Three ideas whose time has come: Dr. Oscar Arias Sánchez on the future of world security
Increased investment in human development, a fundamental restructuring of the way international aid is distributed, and a comprehensive treaty to regulate the global trade in small arms are three ideas whose time has come, according to former president of Costa Rica and Nobel Peace Laureate Dr. Oscar Arias Sánchez.
President Arias presented these ideas during his keynote at last week’s Affordable World Security Conference (AWSC) presented by the EastWest Institute and the W.P. Carey Foundation at the Newseum in Washington D.C. PopTech was one of the conference's many partner organizations.
The AWSC was a two-day event that featured top thinkers and a distinguished guest list to discuss ways in which the United States and other countries must weigh competing priorities and find new ways to ensure comprehensive human security in an era of increasingly limited resources.
For President Arias, investments in education, public health, and poverty reduction are far more likely to increase security for all nations than unchecked investment in weapons of war.
“Imagine the impact on security by reducing poverty by half,” Dr. Arias said in his moving and matter-of-fact speech. “Imagine the impact on security of universal primary education. Imagine the impact on security in eliminating the digital divide. Imagine the impact on security in drastic reductions in hunger and sickness. These changes would take power from terrorists and dictators in ways that weapons never could.”
President Arias also said that the way in which international aid is distributed to countries that choose to invest in human development at the expense of military spending discourages best practices.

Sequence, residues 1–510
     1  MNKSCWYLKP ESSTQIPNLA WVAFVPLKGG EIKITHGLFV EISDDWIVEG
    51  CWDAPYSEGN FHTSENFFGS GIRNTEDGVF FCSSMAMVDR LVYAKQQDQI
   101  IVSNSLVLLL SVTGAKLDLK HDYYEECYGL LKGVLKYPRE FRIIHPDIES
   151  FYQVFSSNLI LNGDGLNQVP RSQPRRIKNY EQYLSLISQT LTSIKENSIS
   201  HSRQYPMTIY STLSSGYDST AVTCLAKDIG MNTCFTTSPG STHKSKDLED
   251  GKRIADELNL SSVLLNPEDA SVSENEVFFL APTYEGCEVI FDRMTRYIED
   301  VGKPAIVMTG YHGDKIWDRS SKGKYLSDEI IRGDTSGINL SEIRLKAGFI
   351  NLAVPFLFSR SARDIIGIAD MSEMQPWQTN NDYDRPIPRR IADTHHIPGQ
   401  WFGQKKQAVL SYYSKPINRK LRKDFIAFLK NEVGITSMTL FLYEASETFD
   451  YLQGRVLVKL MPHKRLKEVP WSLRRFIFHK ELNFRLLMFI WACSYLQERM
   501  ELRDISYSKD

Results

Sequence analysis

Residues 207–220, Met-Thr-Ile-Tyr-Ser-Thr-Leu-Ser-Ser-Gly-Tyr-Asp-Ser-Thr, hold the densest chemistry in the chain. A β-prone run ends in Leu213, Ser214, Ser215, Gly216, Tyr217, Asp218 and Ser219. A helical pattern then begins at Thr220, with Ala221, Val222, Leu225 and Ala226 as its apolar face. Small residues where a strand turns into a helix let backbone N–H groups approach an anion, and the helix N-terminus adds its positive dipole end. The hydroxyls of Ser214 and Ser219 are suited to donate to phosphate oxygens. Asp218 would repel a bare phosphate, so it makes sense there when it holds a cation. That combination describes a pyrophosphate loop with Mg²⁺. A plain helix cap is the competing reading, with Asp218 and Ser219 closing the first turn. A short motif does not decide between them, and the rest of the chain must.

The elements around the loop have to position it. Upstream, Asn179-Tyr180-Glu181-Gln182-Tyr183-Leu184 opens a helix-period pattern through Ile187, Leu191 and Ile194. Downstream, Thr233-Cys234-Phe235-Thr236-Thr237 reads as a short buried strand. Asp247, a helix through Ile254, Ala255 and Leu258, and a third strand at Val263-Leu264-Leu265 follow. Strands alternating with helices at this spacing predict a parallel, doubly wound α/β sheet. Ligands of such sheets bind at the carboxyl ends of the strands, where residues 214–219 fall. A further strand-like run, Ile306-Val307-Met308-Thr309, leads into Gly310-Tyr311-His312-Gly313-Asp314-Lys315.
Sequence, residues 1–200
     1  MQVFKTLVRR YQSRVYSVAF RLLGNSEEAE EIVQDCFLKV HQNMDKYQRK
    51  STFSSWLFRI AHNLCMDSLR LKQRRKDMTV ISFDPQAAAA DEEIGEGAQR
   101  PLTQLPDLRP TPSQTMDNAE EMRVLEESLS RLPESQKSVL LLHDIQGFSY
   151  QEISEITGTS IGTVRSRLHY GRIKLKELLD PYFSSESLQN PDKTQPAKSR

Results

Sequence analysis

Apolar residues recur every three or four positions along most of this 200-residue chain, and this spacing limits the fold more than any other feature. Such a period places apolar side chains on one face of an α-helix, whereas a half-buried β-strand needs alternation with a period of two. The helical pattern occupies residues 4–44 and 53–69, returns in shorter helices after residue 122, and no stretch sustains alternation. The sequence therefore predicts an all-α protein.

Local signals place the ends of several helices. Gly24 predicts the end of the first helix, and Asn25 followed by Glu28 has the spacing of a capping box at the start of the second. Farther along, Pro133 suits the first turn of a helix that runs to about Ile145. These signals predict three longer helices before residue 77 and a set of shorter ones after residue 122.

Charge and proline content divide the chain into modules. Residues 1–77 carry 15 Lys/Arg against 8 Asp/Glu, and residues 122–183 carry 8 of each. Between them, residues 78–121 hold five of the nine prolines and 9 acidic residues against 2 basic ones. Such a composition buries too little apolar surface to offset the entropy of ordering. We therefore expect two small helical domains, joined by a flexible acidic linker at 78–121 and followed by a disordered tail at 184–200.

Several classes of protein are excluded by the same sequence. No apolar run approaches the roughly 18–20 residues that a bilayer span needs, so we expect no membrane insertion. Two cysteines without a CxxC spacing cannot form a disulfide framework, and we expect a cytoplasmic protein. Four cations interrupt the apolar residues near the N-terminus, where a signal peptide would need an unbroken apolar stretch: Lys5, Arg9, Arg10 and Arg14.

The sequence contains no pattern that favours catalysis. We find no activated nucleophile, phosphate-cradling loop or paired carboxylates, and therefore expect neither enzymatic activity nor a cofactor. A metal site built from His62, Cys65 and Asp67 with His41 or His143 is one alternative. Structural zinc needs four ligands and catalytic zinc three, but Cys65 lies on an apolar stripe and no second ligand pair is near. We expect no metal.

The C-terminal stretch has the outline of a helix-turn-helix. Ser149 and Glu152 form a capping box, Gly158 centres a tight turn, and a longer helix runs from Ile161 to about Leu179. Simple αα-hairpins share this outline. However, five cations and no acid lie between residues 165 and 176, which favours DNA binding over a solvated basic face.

“The rules our international community has established for aid and debt forgiveness say that a country that makes good decisions must be punished,” he said. “A country that invests wisely and achieves improvements in human development is then told it is too rich for debt forgiveness or aid. A country that finds a way out of war is told it is no longer of interest to its more powerful neighbors.”
Finally, Dr. Arias, who was awarded the Nobel Peace Prize in 1987 for his efforts to end the civil wars then raging in several Central American countries, called for support for a comprehensive small arms treaty that would regulate the trade in small arms and light weapons, much like those that exist to regulate weapons of mass destruction.
"Who said that killing thousands in a single instant is worse than killing thousands one by one every day?” he asked. “The regulation of conventional weapons is essential to the safety not only of countries in conflict but all countries.”
As a matter of practical concern, these ideas “whose time has come” are ones the world cannot afford to ignore if achieving security is truly the goal. This is not to mention the morality of continually relegating human need and suffering to the bottom of the list of global priorities.
“Eleanor Roosevelt once asked, ‘When will our consciences grow so tender that we will act to prevent human misery rather to avenge it?’” he said. “I am afraid we must answer her, ‘Not yet. Not yet.’”
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